Audita Querela. Bankruptcy. Practice, Civil, Appeal.
If the defendant in an action of contract in the Superior Court, after the service of the writ upon him, files a petition to be adjudicated a bankrupt under the national bankruptcy act and is so adjudicated, but does not set up the pendency of the bankruptcy proceedings in the action in the Superior Court or seek a postponement of those proceedings pending the determination of the question
of his discharge in bankruptcy, and if a judgment is rendered against him in the Superior Court and thereafter he obtains his discharge in bankruptcy, it is doubtful whether he can maintain a writ of audita querela to prevent the enforcement of an execution issuing on such judgment.
Audita querela is a common law writ, and, by R. L. c. 192, § 1, the rules of practice applicable to it are those prevailing in actions at law. Thus the findings of fact made by a judge of the Superior Court at the trial of such a writ are not to be revised, if there is any evidence to warrant them.
Where the plaintiff in an audita querela contends that he is entitled to have proceedings on an execution in an action at law against him enjoined because of a discharge in bankruptcy obtained on a petition filed by him after the bringing of the action at law, and it appears that he gave no notice of the bankruptcy in the action at law, and that the name of the plaintiff in the action at law is given in the schedule which he filed with his petition in bankruptcy as of a "residence unknown," the burden is upon him to prove that the plaintiff in the action at law received notice of the pendency of the bankruptcy proceedings in season to prove his claim there and object to a discharge. On the foregoing facts, with other evidence, a finding of a judge that such burden had not been sustained was held to be warranted.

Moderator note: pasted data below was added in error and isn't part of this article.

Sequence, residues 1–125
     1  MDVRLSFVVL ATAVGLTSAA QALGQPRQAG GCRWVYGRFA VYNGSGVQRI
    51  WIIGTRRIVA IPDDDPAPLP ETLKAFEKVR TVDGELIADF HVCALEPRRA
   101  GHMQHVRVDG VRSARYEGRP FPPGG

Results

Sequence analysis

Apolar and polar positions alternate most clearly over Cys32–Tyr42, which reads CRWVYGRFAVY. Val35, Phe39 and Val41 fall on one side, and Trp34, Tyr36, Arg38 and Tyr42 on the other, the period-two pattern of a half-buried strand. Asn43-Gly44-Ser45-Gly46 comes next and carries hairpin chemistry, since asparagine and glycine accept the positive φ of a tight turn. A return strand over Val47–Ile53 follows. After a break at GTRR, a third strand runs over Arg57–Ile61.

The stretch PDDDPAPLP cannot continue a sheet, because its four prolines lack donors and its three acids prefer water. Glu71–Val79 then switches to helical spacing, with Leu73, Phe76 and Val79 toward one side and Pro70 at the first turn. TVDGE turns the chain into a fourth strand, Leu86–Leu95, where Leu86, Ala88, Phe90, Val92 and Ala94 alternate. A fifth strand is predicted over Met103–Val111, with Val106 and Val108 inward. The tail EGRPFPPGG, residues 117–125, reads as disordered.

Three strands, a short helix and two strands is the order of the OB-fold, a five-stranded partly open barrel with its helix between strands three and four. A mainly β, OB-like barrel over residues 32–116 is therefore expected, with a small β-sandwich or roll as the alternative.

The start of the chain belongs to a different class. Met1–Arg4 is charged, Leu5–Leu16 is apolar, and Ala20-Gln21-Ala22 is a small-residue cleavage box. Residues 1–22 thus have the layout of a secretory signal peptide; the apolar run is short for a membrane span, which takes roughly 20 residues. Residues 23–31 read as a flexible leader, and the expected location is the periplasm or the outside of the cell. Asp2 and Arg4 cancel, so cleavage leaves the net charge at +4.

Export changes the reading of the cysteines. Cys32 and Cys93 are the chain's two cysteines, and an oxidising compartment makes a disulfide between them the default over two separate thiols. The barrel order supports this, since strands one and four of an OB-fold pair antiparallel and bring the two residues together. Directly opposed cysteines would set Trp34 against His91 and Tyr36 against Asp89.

RUGG, C. J. This is a writ of audita querela. The plaintiff asks relief from a judgment, recovered by the defendant against him, on the ground that the debt on which that judgment was founded was barred by the plaintiff's discharge in bankruptcy. The undisputed facts are that an action at law in the Superior Court on three promissory notes was brought by the defendant against the plaintiff. Thereafter, while this action was pending, the plaintiff after filing his petition therefor was adjudicated a bankrupt. The fact of bankruptcy was not pleaded in the action at law and was in no way called to the attention of the court, and in due course judgment was entered in favor of this defendant against the plaintiff. Afterwards, the plaintiff received his discharge in bankruptcy.
It is established that a writ of audita querela will not avail a complaining party who has had a legal opportunity of defense, or where the alleged wrongful judgment from which he seeks release is attributable to his own neglect. Lovejoy v. Webber, 10 Mass. 101 , 103. Radclyffe v. Barton, 161 Mass. 327 , and cases cited at 331. It is at least doubtful whether upon these facts the plaintiff is entitled to maintain his writ. It is true that the present federal bankruptcy act (U. S. St. 1898, c. 541, § 11) makes compulsory a stay of an action, pending upon a claim to which a discharge in bankruptcy would be a bar, only until after an adju-
dication upon or dismissal of the petition in bankruptcy. Further stay for a period of twelve months, or until the question of discharge is determined, if application therefor is made within such time, is discretionary with the court. Feigenspan v. McDonnell, 201 Mass. 341 , 346. Nevertheless, in the simple action at law upon a claim to which a discharge in bankruptcy would be a bar, where no rights of or against third persons are involved, such as existed for instance in Rosenthal v. Nove, 175 Mass. 559 , and no ulterior interests are affected, the usual procedure is for the bankrupt to plead the pendency of bankruptcy proceedings and ask for a continuance until he can obtain and plead his discharge. This is pointed out in Rogers v. Abbot, 206 Mass. 270 , 274. See also Faxon v. Baxter, 11 Cush. 35 . If the present plaintiff had pursued that course it is highly probable that no judgment would have been rendered against him. We do not rest the decision upon this ground, as neither party has argued it, but proceed to consider the case upon its merits.